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Apollo 8

second human spaceflight mission in the United States Apollo space program

Apollo 8 was a mission in the Apollo program in December 1968. It was the first manned spaceflight to leave Earth orbit and first to orbit the Moon. Commander Frank Borman, Pilot Jim Lovell and Bill Anders transmitted a television show while they were in orbit. The Apollo Lunar Module that could land on the Moon had not yet been built, so they went in the Apollo Command/Service Module and photographed and studied the Moon from above. After that, they fired their rockets and returned to Earth.

Apollo 8
A black sky with a grey, cratered lunar horizon. A small blue Earth with scattered white clouds is just above the horizon, with about two-thirds of the Earth lit by the sun and the remainder in darkness.
Earthrise
taken from Apollo 8 by William Anders
Mission typeCrewed lunar orbiter
OperatorNASA
COSPAR ID1968-118A
SATCAT no.3626
Mission duration6 days, 3 hours, 42 seconds[1]
Spacecraft properties
Spacecraft
ManufacturerNorth American Rockwell
Launch mass
  • CSM: 28,870 kilograms (63,650 lb)[2]
  • CM:5,621 kilograms (12,392 lb)
  • SM:23,250 kilograms (51,258 lb)
  • SC/LM Adapter (connects LTA to CSM): 1,840 kilograms (4,060 lb)[3]
  • LTA: 9,000 kilograms (19,900 lb)[4]
Landing mass4,979 kilograms (10,977 lb)
Crew
Crew size3
Members
CallsignApollo 8
Start of mission
Launch dateDecember 21, 1968, 12:51:00 (1968-12-21UTC12:51Z) UTC
RocketSaturn V SA-503[n 1]
Launch siteKennedy LC-39A
End of mission
Recovered byUSS Yorktown
Landing dateDecember 27, 1968, 15:51:42 (1968-12-27UTC15:51:43Z) UTC[5]
Landing siteNorth Pacific Ocean
8°8′N 165°1′W / 8.133°N 165.017°W / 8.133; -165.017 (Apollo 8 landing)[5]
Orbital parameters
Perigee184.40 kilometers (99.57 nmi)
Apogee185.18 kilometers (99.99 nmi)
Inclination32.15 degrees
Period88.19 minutes
EpochDecember 21, 1968, ~13:02 UTC
Revolution no.2
Lunar orbiter
Spacecraft componentCSM
Orbital insertionDecember 24, 1968, 9:59:20 UTC[6]
Orbital departureDecember 25, 1968, 6:10:17 UTC[5]
Orbits10
Orbit parameters
Periselene110.6 kilometers (59.7 nmi)
Aposelene112.4 kilometers (60.7 nmi)
Inclination12 degrees
Apollo-8-patch.png Apollo 8 Crewmembers - GPN-2000-001125.jpg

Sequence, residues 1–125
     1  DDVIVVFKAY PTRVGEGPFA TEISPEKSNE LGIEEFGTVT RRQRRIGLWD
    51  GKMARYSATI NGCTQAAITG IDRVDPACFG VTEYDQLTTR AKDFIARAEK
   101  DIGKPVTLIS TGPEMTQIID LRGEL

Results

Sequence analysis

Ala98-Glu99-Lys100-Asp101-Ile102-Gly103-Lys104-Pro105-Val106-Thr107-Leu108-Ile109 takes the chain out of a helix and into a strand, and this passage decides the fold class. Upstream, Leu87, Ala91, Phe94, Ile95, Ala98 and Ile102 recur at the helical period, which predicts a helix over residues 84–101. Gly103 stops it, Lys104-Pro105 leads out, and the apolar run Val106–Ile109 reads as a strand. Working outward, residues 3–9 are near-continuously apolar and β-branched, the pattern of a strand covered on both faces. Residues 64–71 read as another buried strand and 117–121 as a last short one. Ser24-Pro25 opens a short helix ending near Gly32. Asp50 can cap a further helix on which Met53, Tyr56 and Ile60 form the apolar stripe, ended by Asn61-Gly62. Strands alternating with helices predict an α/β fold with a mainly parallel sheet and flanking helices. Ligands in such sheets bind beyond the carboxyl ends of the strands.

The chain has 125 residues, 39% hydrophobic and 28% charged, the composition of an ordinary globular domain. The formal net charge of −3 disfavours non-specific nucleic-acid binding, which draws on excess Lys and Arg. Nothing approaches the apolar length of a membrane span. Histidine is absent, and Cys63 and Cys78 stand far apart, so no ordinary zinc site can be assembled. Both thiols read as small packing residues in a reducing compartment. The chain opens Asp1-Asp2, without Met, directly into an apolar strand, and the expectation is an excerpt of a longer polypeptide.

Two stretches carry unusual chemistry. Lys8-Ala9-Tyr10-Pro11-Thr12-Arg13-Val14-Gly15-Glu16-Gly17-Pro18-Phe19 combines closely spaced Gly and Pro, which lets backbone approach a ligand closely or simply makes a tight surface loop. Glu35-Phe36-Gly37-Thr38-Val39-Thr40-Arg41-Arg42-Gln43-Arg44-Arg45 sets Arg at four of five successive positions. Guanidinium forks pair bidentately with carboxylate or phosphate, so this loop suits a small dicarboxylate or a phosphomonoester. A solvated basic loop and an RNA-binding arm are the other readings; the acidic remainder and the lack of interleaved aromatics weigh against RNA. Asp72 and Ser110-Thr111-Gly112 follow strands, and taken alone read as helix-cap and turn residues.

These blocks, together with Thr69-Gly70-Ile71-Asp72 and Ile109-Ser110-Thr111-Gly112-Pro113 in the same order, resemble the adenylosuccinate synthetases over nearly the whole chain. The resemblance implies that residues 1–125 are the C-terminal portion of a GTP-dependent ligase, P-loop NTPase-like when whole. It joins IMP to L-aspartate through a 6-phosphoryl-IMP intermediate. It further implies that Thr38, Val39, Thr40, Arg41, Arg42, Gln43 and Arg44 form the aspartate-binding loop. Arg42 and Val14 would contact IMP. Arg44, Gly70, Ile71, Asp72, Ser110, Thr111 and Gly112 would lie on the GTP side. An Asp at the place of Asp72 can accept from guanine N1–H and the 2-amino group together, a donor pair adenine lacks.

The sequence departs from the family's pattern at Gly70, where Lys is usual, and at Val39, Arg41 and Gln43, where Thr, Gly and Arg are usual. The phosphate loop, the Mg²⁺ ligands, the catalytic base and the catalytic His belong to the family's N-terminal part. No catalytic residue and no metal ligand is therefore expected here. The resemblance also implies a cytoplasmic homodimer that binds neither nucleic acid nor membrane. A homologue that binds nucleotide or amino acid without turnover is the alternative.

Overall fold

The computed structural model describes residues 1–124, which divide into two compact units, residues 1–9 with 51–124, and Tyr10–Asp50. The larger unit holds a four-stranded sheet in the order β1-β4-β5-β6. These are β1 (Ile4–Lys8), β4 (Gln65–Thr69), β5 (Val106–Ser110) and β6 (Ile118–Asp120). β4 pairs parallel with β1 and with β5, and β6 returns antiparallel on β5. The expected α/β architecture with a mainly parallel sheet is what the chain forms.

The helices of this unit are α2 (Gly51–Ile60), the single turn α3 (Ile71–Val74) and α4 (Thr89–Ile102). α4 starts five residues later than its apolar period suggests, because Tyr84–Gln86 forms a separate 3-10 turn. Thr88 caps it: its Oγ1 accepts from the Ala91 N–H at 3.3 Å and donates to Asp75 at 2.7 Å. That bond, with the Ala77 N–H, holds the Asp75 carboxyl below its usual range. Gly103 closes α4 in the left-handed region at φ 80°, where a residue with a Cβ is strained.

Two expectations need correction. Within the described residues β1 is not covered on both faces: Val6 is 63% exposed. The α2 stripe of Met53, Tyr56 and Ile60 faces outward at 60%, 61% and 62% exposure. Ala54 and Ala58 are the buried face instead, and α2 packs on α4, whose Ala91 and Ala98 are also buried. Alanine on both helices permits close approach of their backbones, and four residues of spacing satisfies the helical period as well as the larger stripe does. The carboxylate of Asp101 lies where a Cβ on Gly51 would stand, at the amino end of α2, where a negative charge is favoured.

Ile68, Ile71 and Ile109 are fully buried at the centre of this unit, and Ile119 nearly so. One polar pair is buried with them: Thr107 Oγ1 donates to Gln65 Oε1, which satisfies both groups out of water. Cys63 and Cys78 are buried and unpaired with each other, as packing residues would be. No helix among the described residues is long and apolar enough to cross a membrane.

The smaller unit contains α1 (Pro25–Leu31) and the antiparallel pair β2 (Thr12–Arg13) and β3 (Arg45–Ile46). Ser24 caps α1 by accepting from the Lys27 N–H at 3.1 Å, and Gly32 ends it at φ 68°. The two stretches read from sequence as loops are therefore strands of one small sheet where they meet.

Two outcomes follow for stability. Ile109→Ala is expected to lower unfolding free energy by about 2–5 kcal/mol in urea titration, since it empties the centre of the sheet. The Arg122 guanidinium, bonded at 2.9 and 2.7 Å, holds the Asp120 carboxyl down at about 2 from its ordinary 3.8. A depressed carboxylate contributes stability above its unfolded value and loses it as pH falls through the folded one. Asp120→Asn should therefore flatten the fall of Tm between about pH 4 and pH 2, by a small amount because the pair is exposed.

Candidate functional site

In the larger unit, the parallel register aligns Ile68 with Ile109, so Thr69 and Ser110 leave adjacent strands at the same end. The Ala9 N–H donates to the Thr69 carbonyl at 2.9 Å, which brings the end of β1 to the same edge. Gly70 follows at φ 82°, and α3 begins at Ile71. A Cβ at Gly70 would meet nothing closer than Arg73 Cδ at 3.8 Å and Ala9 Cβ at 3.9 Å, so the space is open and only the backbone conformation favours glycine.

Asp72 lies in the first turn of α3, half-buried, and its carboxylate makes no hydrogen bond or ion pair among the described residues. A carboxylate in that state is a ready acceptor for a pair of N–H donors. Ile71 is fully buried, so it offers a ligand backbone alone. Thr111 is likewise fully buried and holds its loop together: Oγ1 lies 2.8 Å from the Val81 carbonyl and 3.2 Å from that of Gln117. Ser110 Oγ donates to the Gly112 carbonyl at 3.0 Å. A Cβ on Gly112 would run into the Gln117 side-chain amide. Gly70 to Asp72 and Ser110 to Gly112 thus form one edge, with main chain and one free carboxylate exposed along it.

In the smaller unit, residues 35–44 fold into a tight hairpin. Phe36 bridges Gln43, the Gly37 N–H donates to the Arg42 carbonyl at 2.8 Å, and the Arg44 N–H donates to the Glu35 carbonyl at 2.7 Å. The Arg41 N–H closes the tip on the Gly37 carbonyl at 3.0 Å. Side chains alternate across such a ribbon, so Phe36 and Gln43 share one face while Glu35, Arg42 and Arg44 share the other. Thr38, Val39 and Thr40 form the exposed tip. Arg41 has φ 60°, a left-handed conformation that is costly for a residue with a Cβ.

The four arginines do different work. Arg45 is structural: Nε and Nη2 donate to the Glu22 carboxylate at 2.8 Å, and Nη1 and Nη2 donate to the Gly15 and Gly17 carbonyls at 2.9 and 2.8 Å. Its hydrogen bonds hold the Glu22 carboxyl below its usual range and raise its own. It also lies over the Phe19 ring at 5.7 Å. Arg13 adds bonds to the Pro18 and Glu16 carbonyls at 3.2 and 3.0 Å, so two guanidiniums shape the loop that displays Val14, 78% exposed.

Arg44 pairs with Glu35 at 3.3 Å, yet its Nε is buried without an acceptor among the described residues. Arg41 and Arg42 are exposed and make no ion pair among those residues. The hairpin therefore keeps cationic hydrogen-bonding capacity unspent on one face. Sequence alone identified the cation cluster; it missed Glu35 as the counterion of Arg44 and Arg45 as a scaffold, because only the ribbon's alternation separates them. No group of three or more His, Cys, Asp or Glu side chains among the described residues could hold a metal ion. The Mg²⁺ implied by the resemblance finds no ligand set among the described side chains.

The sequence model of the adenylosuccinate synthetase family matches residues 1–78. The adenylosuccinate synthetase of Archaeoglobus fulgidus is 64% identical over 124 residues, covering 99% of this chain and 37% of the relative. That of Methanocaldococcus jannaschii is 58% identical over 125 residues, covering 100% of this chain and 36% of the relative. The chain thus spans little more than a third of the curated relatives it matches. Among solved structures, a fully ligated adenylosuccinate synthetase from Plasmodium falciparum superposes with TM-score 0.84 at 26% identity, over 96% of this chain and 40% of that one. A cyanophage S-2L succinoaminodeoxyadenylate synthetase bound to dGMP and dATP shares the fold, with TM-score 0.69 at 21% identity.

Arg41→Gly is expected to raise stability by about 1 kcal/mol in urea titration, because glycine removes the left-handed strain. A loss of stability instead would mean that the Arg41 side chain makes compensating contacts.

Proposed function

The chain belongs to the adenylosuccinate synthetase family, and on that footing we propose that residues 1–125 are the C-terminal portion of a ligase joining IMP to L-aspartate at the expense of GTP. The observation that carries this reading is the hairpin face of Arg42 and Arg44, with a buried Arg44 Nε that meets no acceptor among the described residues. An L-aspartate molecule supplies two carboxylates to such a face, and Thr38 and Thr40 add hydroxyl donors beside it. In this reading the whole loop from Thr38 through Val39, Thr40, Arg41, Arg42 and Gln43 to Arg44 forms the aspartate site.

Left to right: Lovell, Anders, Borman 

Related pagesEdit

NotesEdit

  1. Serial numbers were initially assigned by the Marshall Space Flight Center in the format "SA-5xx" (for Saturn-Apollo). By the time the rockets achieved flight, the Manned Spacecraft Center started using the format "AS-5xx" (for Apollo-Saturn).

ReferencesEdit

  1. "Apollo 8". NASA. July 9, 2009. Retrieved November 25, 2018.
  2. "Apollo 8 Press Kit" (PDF) (Press kit). NASA. December 15, 1968. pp. 33–34. Release No. 68-208. Retrieved June 28, 2013. – The spacecraft mass at launch includes the CM and SM, but excludes the 4,000 kilograms (8,900 lb) Launch Escape System (LES), which was discarded before reaching Earth orbit.
  3. "Pre-Launch Mission Operation Report No. M-932-68-08" (PDF) (Memorandum). NASA. December 17, 1968. p. 30. M-932-68-08. Retrieved February 12, 2019.
  4. "Apollo 8 Mission Report" (PDF). NASA. February 1969. p. A-14. MSC-PA-R-69-1. Archived from the original (PDF) on March 2, 2013. Retrieved June 28, 2013. Cite uses deprecated parameter |deadurl= (help) – The mass for LTA-B was less than that of a flying LM, because it was essentially a boilerplate descent stage. A fully loaded, flight-ready LM, like the Eagle from Apollo 11, had a mass of 15,095 kilograms (33,278 lb), including propellants.
  5. 5.0 5.1 5.2 "Apollo 8 Mission Report" (PDF). NASA. February 1969. p. 3-2. MSC-PA-R-69-1. Retrieved June 28, 2013.
  6. "Apollo 8 Mission Report" (PDF). NASA. February 1969. p. 3-1. MSC-PA-R-69-1. Retrieved May 8, 2015.